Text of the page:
So here we are. One of the very reasons that Mandie and I chose to undertake the Year of Orenda in the first place was to help Karen and everyone at Orenda Books in celebrating five whole years of #TeamOrenda. Today marks the fifth anniversary of the very first paperback title to be released by Orenda, The Abrupt Physics of Dying by Paul E. Hardisty, and I am so excited to finally share my thoughts with you on this book. Better than that, we’ve decided to declare this week Hardisty week, and over the next few days we’ll be featuring all four Claymore Straker books on the blog, plus taking a look back at my thoughts on Turbulent Wake, my 2019 Book Of the Year!!!
Happy bookish anniversary guys!
About the Book
One man. An oil company. A decision that could cost his life.Available from: Amazon | Kobo | Waterstones | Googleplay | Apple Books
Claymore Straker is trying to forget a violent past. Working as an oil company engineer in the wilds of Yemen, he is hijacked at gunpoint by Islamic terrorists. Clay has a choice: help uncover the cause of a mysterious sickness afflicting the village of Al Urush, close to the company’s oil-processing facility, or watch Abdulkader, his driver and close friend, die. As the country descends into civil war and village children start dying, Clay finds himself caught up in a ruthless struggle between opposing armies, controllers of the country’s oil wealth, Yemen’s shadowy secret service, and rival terrorist factions.
As Clay scrambles to keep his friend alive, he meets Rania, a troubled journalist. Together, they try to uncover the truth about Al Urush. But nothing in this ancient, unforgiving place is as it seems. Accused of a murder he did not commit, put on the CIA’s most-wanted list, Clay must come to terms with his past and confront the powerful forces that want him dead.
A stunning debut eco-thriller, The Abrupt Physics of Dying will not only open your eyes, but keep them glued to the page until the final, stunning denouement is reached.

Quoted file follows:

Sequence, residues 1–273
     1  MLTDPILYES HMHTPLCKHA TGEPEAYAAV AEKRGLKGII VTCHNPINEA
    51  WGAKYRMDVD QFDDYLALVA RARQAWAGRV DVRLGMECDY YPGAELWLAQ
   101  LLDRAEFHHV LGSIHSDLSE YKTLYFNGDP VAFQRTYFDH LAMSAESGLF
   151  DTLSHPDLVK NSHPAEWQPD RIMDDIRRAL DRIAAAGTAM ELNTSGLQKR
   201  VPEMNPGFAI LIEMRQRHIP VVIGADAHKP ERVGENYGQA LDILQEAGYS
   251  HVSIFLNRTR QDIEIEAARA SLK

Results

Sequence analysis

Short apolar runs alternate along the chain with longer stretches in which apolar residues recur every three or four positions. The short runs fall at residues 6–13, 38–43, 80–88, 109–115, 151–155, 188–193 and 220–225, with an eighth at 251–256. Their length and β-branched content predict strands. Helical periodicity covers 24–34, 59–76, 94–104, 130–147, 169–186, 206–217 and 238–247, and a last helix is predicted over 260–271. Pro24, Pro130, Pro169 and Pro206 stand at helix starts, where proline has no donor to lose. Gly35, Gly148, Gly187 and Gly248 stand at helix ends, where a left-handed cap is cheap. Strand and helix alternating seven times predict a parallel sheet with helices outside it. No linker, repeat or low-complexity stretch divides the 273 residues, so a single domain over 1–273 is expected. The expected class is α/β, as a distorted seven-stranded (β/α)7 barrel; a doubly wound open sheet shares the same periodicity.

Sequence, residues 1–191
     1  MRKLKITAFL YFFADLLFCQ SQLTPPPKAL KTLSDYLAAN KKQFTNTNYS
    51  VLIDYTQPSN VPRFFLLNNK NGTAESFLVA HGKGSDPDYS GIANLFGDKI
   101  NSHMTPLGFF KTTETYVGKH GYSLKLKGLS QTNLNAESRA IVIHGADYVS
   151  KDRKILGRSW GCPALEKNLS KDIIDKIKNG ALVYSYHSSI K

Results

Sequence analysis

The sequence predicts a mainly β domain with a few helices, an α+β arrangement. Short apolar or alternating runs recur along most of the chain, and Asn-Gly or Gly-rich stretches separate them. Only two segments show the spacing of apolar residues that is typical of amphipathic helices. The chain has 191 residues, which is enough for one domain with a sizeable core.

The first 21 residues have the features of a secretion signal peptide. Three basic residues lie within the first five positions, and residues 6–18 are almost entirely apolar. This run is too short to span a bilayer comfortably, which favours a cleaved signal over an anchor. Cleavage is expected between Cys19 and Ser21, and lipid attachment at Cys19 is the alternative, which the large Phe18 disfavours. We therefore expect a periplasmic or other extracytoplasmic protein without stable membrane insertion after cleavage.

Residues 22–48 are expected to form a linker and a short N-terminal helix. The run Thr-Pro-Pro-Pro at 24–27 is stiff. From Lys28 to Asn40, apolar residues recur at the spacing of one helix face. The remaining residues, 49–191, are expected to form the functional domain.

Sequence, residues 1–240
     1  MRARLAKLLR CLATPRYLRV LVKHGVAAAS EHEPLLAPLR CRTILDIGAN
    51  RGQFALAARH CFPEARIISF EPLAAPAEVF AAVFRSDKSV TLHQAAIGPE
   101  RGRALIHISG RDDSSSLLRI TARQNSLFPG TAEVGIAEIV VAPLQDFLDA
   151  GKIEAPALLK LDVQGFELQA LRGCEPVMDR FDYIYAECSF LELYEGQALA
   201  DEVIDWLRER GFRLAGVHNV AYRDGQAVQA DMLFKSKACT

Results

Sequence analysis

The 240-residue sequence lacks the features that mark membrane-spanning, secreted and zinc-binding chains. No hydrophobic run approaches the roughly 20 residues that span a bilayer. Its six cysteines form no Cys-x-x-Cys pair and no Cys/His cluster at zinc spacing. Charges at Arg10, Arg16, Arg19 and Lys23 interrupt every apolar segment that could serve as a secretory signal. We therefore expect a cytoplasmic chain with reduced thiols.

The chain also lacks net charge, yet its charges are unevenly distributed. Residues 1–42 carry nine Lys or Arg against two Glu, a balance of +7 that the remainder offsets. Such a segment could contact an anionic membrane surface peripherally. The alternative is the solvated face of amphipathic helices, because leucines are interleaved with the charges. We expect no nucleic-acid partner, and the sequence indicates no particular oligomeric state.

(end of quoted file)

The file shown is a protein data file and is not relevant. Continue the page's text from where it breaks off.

It’s been a while since I read my first Claymore Straker book (which happened to actually be the third in the series – I’m contrary like that) but as soon as I started to read, on in this case listen to, The Abrupt Physics of Dying, it felt familiar. Solid. Safe. Not safe in a ‘this is going to be a pedestrian experience’ kind of way, but safe in that I know and trust that Paul Hardisty is going to keep me entertained, whilst challenging me in the ways that only a really well written and thought provoking piece of writing can.
Set in Yemen in the early 1990’s, the book is a combination of full on action, environment and socio-political thriller which takes a long look at the dark practices of big business who are willing to sacrifice the indigenous people of Yemen for the sake of the all important dollar. This time around, the industry that comes under scrutiny is the oil industry, just starting to build in Yemen under the influence and investment of Petro-Tex. The book starts in thrilling style, with Straker and his driver being hijacked by two men who seem to have their own reasons for wanting to take the two men hostage. When their captors choose to release Straker but not Abdulkader, it is soon clear why they have been taken. Straker is to pass on a message, a message he isn’t certain his employers will want to hear, and not one is is certain he wants to believe.
From here on in we see a building of tension, anger, double crossing and corruption that will see Straker’s thoughts and ideals challenged in ways he hasn’t known since the war. I don’t know if I was at an advantage or disadvantage in reading the third book first, as in doing so I already knew a little of Straker’s moral code, but I think that even if I didn’t, Paul Hardisty delivers the transition of Straker from skeptic to believer beautifully. You can practically feel the turmoil that he has within him, feel the churn that is taking him from cynical engineer to a man who will fight hard for all that he believes in.
What is clear throughout the book is both the author’s personal experience as an engineer, and his passion for the environment and the impact of big business on the communities and countries that they are essentially ravaging. Whilst Straker may have gone into this line of work because he liked the numbers, the calculations, the certainty of it almost, you can see him lose that faith in what he knows is easy in favour of what he knows is right. Not that orchestrating all of the backhanders and ‘facilitated’ government approvals is easy for him, especially when he isn’t being paid.